No one told me that it was possible to do exercise and enjoy a doughnut at the same time, yet that was precisely what I did half-way through my happy paddle along Indian Arm at Deep Cove. I thoughtfully bit into my glazed doughnut, paddle balanced across my kayak, and beamed with delight at the mountains soaring up before me, the hills green with dense woodland and the sea an endless midnight blue bobbing all around me.
I was anxious before I started. If anyone was going to wind up soaking wet, clinging to the kayak and embarrassed it was almost certainly going to be me, but I was told that no, it was ‘almost impossible’ to fall out of this kind of kayak (once I’d got over my initial fear I tried wriggling about to see just how true that was and I felt perfectly safe).
Getting from the kayak to the water was a concern but happily all I had to do was get comfy and settle myself inside it on the little beach by the water. I would be pushed into the water rather than having to try and shuffle down myself. The only ‘technical’ information was about the rudder which is controlled by your feet. You adjust little straps to bring the peddle close enough and then press right to turn right and left for left. Easy!
There’s a tremendous sense of accomplishment with kayaking, you can feel like you’ve got the hang of things incredibly fast. Within ten minutes I’d worked out that I could paddle in a circle, stop, go backwards – I felt like this was something that I could easily do again. And wow – what a place to do it. I’d taken the ferry from the heart of Vancouver across to the North Shore – just a few minutes – but I was deep in dazzling nature after a brief car ride. Deep Cove is gorgeous: just beautiful. We’d stopped in at Honey’s to get doughnuts on the way to the kayak hire shop, later we’d enjoy a post-paddle feast of perfectly-crisp calamari and a garlicy humous with summery Aperol Spritzes at the Arms Reach Bistro. I may have been less than an hour away from the bustle of Vancouver but I felt I was on holiday. Feels like fun’s always a sure thing on the North Shore.
I paddled along as a guest of Vancouver’s North Shore tourism – but as ever – views are 100% my own. You should do this: it’s fun!
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Vancouver’s North Shore Tourism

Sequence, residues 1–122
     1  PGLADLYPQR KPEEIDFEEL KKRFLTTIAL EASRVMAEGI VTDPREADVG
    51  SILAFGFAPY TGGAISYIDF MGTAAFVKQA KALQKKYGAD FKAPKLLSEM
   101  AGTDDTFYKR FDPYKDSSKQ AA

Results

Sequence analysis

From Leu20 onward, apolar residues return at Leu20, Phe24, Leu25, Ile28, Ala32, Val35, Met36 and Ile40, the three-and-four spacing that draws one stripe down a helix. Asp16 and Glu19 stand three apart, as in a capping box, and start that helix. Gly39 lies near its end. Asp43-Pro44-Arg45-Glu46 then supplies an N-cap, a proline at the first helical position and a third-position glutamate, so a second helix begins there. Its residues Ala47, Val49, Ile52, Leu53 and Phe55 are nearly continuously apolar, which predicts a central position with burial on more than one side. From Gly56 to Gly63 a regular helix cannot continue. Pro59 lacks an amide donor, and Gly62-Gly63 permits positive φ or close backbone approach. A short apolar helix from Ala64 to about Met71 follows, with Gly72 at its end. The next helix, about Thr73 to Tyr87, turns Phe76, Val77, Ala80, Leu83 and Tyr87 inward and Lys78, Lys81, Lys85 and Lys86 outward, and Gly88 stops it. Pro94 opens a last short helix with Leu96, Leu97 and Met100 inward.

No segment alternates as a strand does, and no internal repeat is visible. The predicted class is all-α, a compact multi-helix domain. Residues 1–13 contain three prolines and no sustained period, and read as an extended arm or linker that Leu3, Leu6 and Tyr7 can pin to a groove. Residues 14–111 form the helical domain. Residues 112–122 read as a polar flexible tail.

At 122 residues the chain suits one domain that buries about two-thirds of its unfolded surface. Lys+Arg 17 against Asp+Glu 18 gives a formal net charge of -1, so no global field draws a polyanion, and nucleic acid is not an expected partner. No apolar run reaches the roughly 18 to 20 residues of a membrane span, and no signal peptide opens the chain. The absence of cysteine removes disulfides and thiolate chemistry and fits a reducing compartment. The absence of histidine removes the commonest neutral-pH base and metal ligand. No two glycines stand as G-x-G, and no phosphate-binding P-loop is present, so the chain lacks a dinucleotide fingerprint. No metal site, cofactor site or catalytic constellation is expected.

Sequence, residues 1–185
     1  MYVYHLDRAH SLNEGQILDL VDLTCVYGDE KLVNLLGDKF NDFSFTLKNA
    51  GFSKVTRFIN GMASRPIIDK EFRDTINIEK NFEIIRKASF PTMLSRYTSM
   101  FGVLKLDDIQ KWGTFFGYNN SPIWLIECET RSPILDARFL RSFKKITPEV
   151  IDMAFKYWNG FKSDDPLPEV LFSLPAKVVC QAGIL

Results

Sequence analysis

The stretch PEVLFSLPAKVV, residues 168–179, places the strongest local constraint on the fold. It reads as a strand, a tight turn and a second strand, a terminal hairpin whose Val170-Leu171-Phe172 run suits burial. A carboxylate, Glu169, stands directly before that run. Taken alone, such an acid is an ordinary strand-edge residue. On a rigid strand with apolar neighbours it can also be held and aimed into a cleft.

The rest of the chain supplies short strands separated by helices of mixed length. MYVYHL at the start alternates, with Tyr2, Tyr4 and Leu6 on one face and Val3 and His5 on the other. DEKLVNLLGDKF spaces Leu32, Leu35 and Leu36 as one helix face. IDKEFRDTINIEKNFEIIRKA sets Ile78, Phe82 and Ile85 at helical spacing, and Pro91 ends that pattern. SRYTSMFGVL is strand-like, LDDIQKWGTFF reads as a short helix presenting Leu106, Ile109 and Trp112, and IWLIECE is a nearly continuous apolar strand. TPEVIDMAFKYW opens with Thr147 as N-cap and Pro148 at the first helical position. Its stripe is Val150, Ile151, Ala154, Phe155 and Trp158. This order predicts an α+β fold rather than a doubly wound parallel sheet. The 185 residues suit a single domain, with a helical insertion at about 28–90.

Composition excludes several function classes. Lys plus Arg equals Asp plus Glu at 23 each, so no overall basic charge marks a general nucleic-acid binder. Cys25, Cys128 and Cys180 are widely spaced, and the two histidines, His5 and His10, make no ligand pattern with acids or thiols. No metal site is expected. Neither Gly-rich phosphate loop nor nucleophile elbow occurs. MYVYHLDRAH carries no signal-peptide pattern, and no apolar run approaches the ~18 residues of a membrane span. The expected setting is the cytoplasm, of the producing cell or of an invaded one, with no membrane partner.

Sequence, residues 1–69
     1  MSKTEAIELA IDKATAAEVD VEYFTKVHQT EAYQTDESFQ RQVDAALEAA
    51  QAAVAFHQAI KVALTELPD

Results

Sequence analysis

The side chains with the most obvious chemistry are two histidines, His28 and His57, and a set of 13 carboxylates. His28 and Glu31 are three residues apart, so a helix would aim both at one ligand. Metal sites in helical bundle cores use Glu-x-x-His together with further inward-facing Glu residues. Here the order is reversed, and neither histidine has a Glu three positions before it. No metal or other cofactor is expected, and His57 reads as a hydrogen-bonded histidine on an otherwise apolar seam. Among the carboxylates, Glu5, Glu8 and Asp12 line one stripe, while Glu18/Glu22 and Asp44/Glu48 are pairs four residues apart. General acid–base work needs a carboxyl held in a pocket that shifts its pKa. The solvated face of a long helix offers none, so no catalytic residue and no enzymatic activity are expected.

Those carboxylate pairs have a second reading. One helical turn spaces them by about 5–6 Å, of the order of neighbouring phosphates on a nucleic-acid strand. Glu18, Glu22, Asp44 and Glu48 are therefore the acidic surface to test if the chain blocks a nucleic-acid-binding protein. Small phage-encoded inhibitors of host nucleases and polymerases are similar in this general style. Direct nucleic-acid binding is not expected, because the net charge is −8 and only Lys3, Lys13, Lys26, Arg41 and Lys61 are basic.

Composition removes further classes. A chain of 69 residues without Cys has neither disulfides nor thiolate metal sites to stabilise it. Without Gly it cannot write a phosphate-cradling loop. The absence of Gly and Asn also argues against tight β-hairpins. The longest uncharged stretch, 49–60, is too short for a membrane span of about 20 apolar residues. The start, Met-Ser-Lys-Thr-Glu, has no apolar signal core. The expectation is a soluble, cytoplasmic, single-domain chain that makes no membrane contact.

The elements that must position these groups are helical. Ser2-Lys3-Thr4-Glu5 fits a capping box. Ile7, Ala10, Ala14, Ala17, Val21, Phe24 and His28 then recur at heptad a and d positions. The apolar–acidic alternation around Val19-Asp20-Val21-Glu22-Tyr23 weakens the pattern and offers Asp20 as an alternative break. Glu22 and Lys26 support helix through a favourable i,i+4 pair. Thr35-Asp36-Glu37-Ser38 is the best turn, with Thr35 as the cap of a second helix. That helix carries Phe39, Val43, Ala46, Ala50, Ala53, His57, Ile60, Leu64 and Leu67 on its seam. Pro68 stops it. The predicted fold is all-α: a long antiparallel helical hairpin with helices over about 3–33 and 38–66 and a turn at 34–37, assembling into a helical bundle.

The new season summer menus are hitting boards across town. I spent the post-breakfast lull with Chef Whittaker in the Forage kitchen, watching how to make one of the dishes from his new menu.
Forage chef Chris Whittaker is best known for his commitment to sustainable farm-to-table eating. Forage’s new summer menu launched this week with a stand-out dish of Hannah Brook Farm watercress, garlic scapes, 64° egg, bison bone marrow croutons and mushroom ‘soil’.
“All the ingredients in this salad – this is the stuff I wait for all year to get back into business with.” Whittaker says. “The croutons in bison bone marrow bring a robust meatiness to the dish, we use Alberta bison which are hormone and antibiotic-free and grass fed. The eggs are from Richmond’s Rabbit River and the greens from Maple Ridge – where I live. The watercress really excites me: it’s flavourful and peppery, so the croutons need to be weighty enough and the egg has to be cooked a certain way to hold into the salad. Then we add “soil” of dried morels which are in full swing right now across BC with freshly-ground local hazelnuts.”
To make the dish, Chris starts with the garlic scapes, blanching them in salted boiling water for a minute and then plunging them into iced water. They’re set aside to grill at the last minute. Next a generous scoop of clarified rendered bison bone marrow is spooned into a pan and heated. Chris hand-tears bread to toss in the fat to make croutons. They are sauteed in the pan for a few minutes until golden-brown and then drained on paper.
The dish is plated with the croutons tossed across the peppery leaves and scapes, with the egg resting on top. “It’s a great dish,” says Whittaker, “As the season changes and evolves so will the ingredients, so once the garlic scapes are over we’ll put radishes or dried tomatoes in instead.”